Some difficulties in thinking about time

Time is a concept that pervades our thinking so much that it confuses even our thinking about time. Here are just a couple of examples.

The first is a thing from science fiction, or at least Calvin and Hobbes. This is where time travel takes time. It seems natural: you go in the time machine, then the time machine travels in time, and that takes some time. As in you spend some time travelling in time. You sit in the time machine for half a minute, say.

Now, how does that make sense? There’s time that’s outside of time? We imagine time at the background of all events and happening and thus we imagine even time travelling taking time. But time travelling means skipping past some amount of time. Thus, you can’t just assume time would be passing “while” you’re doing it.

I don’t know how time travel would really be experienced, but if there was “time” spent doing it, that would imply something we don’t know about and that seems really weird, some kind of meta-time.

Meta-time is also involved when we imagine time being somehow stopped. That’s another meaningless idea. Stopping something can only meaningfully mean stopping its progress in relation to the progress of time. If you were to stop time, how would you determine how long it’s stopped? For five minutes, say? But those five minutes would not pass because time was stopped. Again, there would have to be some flow of time besides the flow of time.

A third place where the implicit idea of meta-time is involved is when we think about time somehow flowing ahead.

Is the present a moving point so that only the present exists, or do all points in time exist the same way? That question is nonsensical. Only the present exists at the present (the same way only things that are in particular part of space are in that part of space), but the question of whether other times exist can’t be formulated sensibly. Does the past still exist, or the future yet exist? Well, no, because what is in the past is in the past, not now or “still”, and what is in the future the future only. The past and the future themselves are parts of time, not something that exists the same way as their contents. At the same time, though, it’s not meaningful to say that the past and the future do not exist, as in either do not exist now or do not exist because  they do not exist now. Saying that implies they could somehow exist now, that even if it is impossible that statement is somehow meaningful — that there is something that people who say so mean that you can object to.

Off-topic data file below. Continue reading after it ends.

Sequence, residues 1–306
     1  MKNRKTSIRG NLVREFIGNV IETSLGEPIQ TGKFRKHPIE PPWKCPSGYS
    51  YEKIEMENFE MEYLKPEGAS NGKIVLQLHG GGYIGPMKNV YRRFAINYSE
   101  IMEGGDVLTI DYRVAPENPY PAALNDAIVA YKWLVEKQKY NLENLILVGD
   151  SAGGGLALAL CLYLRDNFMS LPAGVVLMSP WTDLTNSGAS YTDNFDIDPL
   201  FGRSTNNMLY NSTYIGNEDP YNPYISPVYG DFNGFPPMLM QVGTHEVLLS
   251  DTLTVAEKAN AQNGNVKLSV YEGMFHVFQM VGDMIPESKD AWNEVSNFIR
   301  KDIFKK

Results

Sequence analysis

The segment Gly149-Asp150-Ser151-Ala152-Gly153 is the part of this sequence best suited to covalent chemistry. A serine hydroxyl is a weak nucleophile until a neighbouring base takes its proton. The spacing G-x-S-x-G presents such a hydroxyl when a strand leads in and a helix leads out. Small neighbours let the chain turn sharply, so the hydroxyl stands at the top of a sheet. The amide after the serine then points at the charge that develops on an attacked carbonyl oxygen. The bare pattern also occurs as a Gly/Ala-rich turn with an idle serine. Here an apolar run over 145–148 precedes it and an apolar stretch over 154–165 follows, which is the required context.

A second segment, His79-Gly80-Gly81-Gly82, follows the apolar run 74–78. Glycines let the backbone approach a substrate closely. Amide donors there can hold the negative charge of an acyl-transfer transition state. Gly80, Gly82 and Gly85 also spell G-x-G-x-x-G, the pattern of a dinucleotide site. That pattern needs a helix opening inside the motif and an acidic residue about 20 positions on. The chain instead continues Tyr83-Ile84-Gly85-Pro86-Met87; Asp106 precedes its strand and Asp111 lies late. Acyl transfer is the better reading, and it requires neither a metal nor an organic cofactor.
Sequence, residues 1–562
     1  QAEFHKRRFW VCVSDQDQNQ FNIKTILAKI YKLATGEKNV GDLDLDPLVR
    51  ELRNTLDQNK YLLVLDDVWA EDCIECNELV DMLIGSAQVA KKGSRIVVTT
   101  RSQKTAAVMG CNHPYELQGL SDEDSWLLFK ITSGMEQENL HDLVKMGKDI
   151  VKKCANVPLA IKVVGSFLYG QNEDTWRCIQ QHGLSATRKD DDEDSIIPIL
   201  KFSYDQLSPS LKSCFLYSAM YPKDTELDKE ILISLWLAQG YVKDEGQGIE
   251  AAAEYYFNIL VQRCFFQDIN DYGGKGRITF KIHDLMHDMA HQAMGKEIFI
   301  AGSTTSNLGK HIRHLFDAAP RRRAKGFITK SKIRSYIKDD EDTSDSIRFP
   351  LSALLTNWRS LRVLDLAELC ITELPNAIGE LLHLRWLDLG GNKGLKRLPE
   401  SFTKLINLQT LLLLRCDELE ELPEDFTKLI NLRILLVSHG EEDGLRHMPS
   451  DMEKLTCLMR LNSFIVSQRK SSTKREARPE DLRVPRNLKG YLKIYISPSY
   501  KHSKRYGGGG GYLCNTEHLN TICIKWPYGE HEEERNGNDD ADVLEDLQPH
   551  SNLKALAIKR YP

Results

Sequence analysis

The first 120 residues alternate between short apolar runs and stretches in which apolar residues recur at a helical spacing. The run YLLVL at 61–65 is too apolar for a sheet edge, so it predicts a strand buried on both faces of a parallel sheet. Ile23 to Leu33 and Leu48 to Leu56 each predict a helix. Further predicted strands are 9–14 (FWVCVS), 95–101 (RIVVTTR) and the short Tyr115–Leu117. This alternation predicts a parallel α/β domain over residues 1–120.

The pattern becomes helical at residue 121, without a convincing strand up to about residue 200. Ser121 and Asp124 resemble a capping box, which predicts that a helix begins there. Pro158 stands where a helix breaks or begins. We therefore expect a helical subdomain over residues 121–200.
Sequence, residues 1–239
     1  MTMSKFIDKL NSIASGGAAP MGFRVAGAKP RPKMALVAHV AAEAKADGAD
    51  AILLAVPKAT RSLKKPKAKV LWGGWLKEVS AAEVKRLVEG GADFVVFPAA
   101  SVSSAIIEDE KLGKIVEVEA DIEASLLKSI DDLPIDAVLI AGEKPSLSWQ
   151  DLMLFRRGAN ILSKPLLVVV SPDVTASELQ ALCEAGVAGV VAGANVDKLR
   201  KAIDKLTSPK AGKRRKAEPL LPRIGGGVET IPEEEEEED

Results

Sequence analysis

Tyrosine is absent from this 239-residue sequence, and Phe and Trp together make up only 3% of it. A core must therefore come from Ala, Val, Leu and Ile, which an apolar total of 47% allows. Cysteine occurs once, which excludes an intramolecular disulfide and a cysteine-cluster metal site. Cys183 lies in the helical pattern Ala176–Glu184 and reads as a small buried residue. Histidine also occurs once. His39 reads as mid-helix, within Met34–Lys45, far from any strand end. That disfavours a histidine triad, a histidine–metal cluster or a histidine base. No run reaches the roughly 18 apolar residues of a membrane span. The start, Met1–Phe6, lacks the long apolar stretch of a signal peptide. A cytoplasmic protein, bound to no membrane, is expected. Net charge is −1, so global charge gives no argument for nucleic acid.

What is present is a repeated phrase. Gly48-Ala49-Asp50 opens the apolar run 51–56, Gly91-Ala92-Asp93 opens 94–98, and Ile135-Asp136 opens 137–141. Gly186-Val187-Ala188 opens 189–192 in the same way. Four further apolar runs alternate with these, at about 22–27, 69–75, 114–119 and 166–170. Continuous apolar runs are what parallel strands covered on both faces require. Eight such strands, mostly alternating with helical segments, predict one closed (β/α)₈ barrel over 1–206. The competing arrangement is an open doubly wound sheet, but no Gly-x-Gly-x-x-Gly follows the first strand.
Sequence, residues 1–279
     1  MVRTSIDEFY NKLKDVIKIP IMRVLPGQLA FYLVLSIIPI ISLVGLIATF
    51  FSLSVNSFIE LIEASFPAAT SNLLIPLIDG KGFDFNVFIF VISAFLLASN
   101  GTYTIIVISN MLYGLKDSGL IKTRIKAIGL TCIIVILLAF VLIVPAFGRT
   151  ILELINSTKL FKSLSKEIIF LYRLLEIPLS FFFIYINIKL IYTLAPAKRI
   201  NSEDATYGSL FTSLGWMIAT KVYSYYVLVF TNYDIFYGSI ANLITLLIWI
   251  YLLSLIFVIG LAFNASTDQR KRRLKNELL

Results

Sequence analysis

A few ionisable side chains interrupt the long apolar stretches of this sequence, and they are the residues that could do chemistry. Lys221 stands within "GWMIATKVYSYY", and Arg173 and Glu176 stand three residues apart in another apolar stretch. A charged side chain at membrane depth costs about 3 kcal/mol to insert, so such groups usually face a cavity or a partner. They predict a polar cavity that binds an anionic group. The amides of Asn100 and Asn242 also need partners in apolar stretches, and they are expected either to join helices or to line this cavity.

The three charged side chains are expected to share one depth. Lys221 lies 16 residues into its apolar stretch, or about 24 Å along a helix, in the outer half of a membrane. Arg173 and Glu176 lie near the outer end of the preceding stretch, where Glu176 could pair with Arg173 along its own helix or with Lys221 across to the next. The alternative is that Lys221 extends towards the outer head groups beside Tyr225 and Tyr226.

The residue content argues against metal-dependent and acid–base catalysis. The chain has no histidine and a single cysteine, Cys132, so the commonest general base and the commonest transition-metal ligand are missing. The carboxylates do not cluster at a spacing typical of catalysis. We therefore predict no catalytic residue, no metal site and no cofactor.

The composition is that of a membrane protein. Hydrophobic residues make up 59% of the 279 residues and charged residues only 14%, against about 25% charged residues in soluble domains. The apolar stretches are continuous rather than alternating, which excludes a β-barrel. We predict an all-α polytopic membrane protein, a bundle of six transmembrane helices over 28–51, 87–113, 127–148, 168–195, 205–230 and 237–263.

It’s no mere apparent problem that when you say something in the future exists or doesn’t exist now, you attach both “now” and “in the future” to the same thing. It’s a real problem in terms of meaning, because there just isn’t anything that that could mean. This is similar to the paradox where the future supposedly becomes determined just because it is “now” true that something will have happened a certain way in the future. What do you mean “now true that in the future”? The statement uttered now may be true (or untrue), but it’s a statement about the future; the fact that it refers to has no “now” component. You could also say that it’s true timelessly, so not “now”, but that’s just because the statement itself contains the mention of the time so you don’t need to further specify when it’s true. When it really is true is at the time specified, and the talk about timelessness is not exactly incorrect but in any case needless.

Back to time flowing: this assumes meta-time because flowing is movement. When we say all times exist or don’t as if it makes a difference, we need to covertly assume something equivalent with meta-time to which we relate the statement: at this moment in meta-time when time has flowed this far, the other times still exist, or don’t, on different parts of the timeline, all of which exists at once. After all, how else can we have to determiners of time, as in “the future exists (and not only will exist)”? There must be a second level of time, even if it’s not quite in the same sense as in the time travelling and time stopping examples. Assuming only one system of time, there’s nothing that the one defending the notion of times besides the present existing can meaningfully say that the opponent can disagree with without already assuming something like this. Different times, or rather their contents, exist at that time and don’t exist at others. Just about everyone should agree about that in some sense, and that’s the only meaningful sense. Therefore, most of the arguments about the matter are probably about nonsense.

In conclusion: we get impossible results when thinking about time because we naturally assume time in the background. This is just one example of how we are unable to analyse things properly when we also use the unanalysed concept at the same time. When we think about our natural basic concepts, we have to stop assuming them at the same time. This is difficult even for philosophers.

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